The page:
Comic Book Review: "G.I. Combat #1"
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The second wave of DC Comics New 52 takes a step away from the world of superheroes and travels to the world of the supernatural in the first issue of G.I. Combat. “The War That Time Forgot” tells the story of ordinary soldiers verse dinosaurs, while “The Unknown Solider” tells the origins of the man who would become the classic one man killing machine. Written J.T. Krul, Justin Gray, and Jimmy Palmiotti, with art by Ariel Olivetti, and Dan Panosian, both of these stories takes regular soldiers and transplants them into unnatural elements and violent surroundings where only their true grit, wits and willpower can keep them alive.
“The War that Time Forgot” by Krul and Olivetti, starts in the Sea of Japan on a U.S.S. battleship. A solider, Stevens, is talking to his wife Ash (Ashley) and daughter Tori on a web cam. She asks where in the world he is. He tells her he can’t really tell her exactly where he is. She asks for a general area; he says, “The Northern Hemisphere”. Another soldier, Elliott, comes by, and says hello to Ash and Tori, before they sign off for the night. Later, at a mission briefing, it is revealed that there has been odd activity in North Korea in the last 48 hours—no activity at all; a complete blackout. Something’s jamming the satellites, and it’s a concern. S,o they’re going in to check it out. It could be a weather anomaly or some kind of new North Korean technology; they aren’t looking to start a war; they’re just looking for answers. The team (Stevens, Elliott, Sanchez and Pierce) load up on their helicopter (along with a squad of other helicopters) and go in. As they enter land there is a lightning storm. Suddenly, they run into flying dinosaurs (pterodactyls) and are attacked. They don’t know what going on, but they defend themselves from the Jurassic attacks. The pterodactyls take out a lot of the soldiers and helicopters. The team’s helicopter, Armageddon, goes down. The only survivors are Elliot and Stevens. Stevens tells Elliott that none of the equipment (GPS or phones) is working. They’ll head south through the jungle and hope to find extraction. As they exit the jungle, they come across a battle royal of the Koreans verse the dinosaurs.
“The Unknown Soldier”, by Gray, Palmiotti and Panosian, begins with a soldier writing a letter to his wife, Darla, telling her about the Unknown Soldier. They found him in Afghanistan, they thought he was dead; his face was a bloody mess. They picked him up out of the remains of a downed Humvee. There were only supposed to be five soldiers but they found six bodies, including him. He had no tags and says he has no memory. There was a fight with Taliban that was so bad, the group was pinned down and couldn’t send him out. For a whole week they were in a constant firefight with them. Then, over the course of three days the Taliban soldiers were taken down by the Unknown Solider. There were no shots fired on the fourth day. He had singlehandedly taken them all down. A week later, they found a Taliban rat hole and he kill them all and found a million dollars in heroin. Everything was caught on his helmet cam. Because of his heroism, the big brass wanted to talk to him. Colonel Karl Benson interviewed the Unknown Soldier. He knows he has amnesia, but his body language tells Benson that he’s not a U.S. solider. He claims he’s American. The colonel tells him to let them scan his hand (fingerprints); that should help them ascertain his identity. He agrees, and afterwards, the colonel asks him how he got there:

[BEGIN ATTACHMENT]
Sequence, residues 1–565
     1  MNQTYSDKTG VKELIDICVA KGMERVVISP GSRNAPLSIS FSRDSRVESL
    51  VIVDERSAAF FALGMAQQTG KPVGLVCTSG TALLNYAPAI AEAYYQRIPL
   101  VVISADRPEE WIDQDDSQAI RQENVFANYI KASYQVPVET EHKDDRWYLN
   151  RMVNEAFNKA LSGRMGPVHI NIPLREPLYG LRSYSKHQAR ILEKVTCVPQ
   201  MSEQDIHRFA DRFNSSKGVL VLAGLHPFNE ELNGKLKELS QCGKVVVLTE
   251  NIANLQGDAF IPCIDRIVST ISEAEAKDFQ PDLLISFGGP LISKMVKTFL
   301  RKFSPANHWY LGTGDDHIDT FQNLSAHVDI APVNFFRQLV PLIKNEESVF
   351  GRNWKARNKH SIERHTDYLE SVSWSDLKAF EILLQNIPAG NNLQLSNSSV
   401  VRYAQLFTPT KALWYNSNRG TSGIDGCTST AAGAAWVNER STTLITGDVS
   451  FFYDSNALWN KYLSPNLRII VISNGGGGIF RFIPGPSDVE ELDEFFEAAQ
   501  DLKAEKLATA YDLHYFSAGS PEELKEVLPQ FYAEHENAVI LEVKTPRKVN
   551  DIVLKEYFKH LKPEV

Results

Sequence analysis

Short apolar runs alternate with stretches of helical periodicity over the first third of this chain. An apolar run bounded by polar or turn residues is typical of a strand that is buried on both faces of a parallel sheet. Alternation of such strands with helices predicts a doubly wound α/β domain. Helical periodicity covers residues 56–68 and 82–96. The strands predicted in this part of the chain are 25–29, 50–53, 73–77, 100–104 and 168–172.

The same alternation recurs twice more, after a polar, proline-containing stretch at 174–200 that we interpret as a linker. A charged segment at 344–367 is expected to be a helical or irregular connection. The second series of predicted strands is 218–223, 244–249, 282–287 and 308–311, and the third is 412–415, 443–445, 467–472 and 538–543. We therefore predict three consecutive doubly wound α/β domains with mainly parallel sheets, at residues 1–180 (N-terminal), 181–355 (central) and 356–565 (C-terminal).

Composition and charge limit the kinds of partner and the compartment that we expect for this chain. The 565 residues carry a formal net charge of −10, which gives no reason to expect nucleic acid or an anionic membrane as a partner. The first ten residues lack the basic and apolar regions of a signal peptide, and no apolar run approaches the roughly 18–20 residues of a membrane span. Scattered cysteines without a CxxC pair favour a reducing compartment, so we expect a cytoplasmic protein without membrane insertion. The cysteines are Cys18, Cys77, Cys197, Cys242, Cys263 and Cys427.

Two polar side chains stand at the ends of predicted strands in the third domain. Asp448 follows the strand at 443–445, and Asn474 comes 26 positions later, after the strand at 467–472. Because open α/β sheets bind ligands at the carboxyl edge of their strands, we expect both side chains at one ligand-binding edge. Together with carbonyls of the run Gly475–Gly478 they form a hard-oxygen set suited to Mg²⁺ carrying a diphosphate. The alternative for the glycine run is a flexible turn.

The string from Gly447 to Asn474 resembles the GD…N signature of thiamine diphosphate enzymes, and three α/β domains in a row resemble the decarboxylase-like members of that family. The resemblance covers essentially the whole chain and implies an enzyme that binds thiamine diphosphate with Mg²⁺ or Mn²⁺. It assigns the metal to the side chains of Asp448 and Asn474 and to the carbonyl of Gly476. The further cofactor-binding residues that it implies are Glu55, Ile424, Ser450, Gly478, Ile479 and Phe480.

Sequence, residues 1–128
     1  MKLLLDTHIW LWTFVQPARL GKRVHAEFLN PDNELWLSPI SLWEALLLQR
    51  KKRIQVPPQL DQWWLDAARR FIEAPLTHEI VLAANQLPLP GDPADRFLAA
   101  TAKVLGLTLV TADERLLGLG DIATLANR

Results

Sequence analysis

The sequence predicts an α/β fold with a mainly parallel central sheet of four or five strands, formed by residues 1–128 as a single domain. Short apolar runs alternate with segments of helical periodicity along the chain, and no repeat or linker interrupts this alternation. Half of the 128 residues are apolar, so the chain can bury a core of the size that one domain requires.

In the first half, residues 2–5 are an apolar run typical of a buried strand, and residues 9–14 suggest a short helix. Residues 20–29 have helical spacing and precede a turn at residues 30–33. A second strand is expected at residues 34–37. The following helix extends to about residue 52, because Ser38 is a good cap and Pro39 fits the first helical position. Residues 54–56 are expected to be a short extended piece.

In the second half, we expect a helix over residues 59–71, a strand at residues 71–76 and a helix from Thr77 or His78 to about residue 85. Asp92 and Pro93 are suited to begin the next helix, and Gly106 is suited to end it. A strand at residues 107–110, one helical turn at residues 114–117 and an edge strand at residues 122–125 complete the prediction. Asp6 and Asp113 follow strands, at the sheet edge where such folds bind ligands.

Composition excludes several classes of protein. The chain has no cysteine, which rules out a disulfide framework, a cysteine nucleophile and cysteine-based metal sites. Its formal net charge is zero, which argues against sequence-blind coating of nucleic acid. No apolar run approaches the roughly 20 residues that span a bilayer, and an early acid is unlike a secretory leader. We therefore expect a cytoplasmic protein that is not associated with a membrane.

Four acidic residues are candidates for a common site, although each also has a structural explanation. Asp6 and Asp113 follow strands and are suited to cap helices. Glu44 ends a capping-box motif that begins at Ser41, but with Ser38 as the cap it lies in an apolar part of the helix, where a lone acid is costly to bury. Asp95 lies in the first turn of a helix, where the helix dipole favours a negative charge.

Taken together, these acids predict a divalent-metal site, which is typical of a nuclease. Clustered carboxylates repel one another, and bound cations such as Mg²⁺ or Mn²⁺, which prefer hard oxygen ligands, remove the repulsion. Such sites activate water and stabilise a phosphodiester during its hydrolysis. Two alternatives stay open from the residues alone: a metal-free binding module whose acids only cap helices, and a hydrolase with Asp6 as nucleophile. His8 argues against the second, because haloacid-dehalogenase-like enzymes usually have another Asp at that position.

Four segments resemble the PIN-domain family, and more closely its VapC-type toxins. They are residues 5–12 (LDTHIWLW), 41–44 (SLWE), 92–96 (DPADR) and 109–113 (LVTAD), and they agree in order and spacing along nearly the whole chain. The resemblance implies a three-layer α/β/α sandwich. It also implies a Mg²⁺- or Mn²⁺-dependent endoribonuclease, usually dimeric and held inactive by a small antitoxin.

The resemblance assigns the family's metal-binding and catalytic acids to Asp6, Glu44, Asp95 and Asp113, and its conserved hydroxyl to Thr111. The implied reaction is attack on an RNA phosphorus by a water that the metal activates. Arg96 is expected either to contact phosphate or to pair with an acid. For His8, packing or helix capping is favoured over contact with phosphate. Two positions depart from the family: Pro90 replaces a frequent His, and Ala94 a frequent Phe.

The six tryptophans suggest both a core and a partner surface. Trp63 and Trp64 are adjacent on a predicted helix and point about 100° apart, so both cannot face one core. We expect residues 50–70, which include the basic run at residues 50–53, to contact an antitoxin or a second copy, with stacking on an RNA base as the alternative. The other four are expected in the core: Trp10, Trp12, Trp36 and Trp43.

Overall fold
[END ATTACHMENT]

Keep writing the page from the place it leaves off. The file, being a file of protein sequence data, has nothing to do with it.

In 2005, he and his wife and two children were visiting London. His family took the London Tube while he went to a business meeting. The tube was bombed by terrorists and his family was killed. He tried to join the U.S. military, but because he’d attempted suicide twice in six months, they wouldn’t accept his application to join the armed services.
In 2007, he flew to South Africa to meet an independent contradictor to be trained for combat and become a solider of fortune.
In 2012, in Afghanistan he was with a deployment U.S. troop under the guise of a reporter without a cameraman. They were attacked by the Taliban. They were hit with an RPG and everyone is killed but him. He managed to kill the Taliban attackers before passing out. He was later found by other U.S. troops.
Colonel Benson tells him that he’s a “suicidal murder machine looking to avenge his family by any means necessary.” He informs him that no matter how many zealots he kills, his family isn’t coming back. But there is a way to help the fight: the intelligence community in Washington wants to recruit him for more covert missions.
The “G.I. Combat” series is a departure from the normal DCU superhero-powered fare. Interestingly, the issue lacks the normal large main story with a small backup story. Both stories, “The War That Time Forgot” and “The unknown Solider” are equal in length. The issue is more of an anthology; two stories for the price of one. This is the 3rd volume of G.I. Combat; the first going all the way back to 1952 with stories revolving around the WWII adventure of Sgt. Rock. Just like those old issues, these new ones are about average heroes fighting in wars and dealing with unusual (and sometimes unnatural) circumstances. “The War that Time Forgot” is a classic tale of Modern Man vs. Prehistoric Monster. “The Unknown Solider” is an updated origin story for the classic character, which incorporates the modern 21st battlefield. It is refreshing to have comic book by DC that don’t always have super powered villains or heroes. Both of these stories are captivating and it will be interesting to see where they go in issue 2.